Saturday, October 26, 2013

A thought having visited Bull Run battlefield yesterday.

It seems that most historians have tried to explain the causes of the Civil War using a prospective framework. Elizabeth Varon in Disunion!: The Coming of the American Civil War, 1789-1859, for example, discusses the use of the concept of "disunion" in the decades leading up to the war. Others describe the division between the northern and southern economic systems (and thus their differences in economic policy preferences, or the increasing anger involved in the interactions of the abolitionists and the pro-slavery partisans. Still others focus on the inability of politicians to reach compromise or the invective of the press.

It occurs to me to consider the situation from a retrospective rather than a prospective view.

The Union forces of the North of course won the Civil War. Not only did the war establish the human rights of African-Americans to be free, but it established free labor as the basis for the American economy. Republicans maintained political power for decades thereafter, and were enabled to implement their progressive policies with little effective opposition from southern conservatives. They promoted transcontinental railroads, homesteading to settle western lands, and the application of science and technology, especially through the creation of the land grant colleges and their agricultural research stations and the geological survey.  Taxes and tariffs could be imposed to protect native industries and pay for infrastructure investments. The United States achieved a global importance that North America would not have achieved had the union divided into two governments. Thus I conclude that in decades after the Civil War, those in the north who had favored war to save the union were content with having made that decision.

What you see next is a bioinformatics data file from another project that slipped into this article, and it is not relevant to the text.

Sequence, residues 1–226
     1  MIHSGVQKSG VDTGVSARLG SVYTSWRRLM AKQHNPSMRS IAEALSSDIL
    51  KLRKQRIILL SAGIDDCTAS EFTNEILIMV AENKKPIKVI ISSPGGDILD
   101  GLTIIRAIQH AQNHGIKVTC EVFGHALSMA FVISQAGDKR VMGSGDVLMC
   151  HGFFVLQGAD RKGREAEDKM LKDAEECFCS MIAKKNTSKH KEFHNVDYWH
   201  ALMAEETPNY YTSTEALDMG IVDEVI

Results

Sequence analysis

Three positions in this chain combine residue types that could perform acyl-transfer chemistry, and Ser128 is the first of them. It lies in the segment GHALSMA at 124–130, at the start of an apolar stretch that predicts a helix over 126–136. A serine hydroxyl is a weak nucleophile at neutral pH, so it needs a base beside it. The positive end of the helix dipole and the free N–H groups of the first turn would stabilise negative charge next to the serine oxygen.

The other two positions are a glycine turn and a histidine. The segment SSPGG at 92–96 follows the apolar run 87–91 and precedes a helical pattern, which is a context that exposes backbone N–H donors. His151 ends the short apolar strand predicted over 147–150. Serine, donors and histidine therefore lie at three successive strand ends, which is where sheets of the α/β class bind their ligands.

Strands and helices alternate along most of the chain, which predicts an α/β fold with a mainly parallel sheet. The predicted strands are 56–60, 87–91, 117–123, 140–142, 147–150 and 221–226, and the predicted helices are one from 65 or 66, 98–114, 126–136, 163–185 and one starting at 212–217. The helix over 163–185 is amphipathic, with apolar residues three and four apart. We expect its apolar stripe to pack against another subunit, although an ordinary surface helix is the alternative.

On the other hand, after secession and the start of the Civil War, the southern states saw emancipation of slaves within a couple of years. Since the plantation economy had been based on slavery, it was decimated. British customers for southern cotton developed other suppliers during the shortages caused by the Civil War, and the south's most important export never recovered.  A generation of young (white) men was killed or maimed. Fighting decimated large swaths of Virginia, Tennessee, Georgia, and South Carolina. The south was occupied by northern troops, southern officials who quite the federal government to serve in the Confederacy were barred from political office, and the region underwent decades of social upheaval. Thus I conclude that those who led the southern states to secede must have come to believe that they had made a grave mistake in doing so.

Thus I would look at the proximate cause of the Civil War to have been the secession of the southern states; the proximate cause of that secession was the grave mistake made by southern leaders. I suppose that the leaders in the south overestimated the attractiveness of their cause to the border states (in which slavery was still legal), mistook the relative military capacity of the north and the south, underestimated the will in the north to sacrifice to preserve the Union, and overestimated the likelihood that the Confederacy would receive support of European powers.  So I would suggest that the real cause of the Civil War was bad decision making by leaders in South Carolina and other southern states that chose to secede from the Union.

Why did they make such bad decisions? Why did they mistake the realities of the situation? Some southerners correctly assessed the situation (Sam Houston comes to mind). Ignorance, arrogance, and pride seem likely to have been implicated. Making decisions on what decision makers hoped would happen rather than what was likely to happen, or the things that could happen that would be most painful to their cause seems a possibility. So too does an institutional structure that concentrated decision making power in a small economic elite (with interests that did not mirror those of the majority of southern people). 

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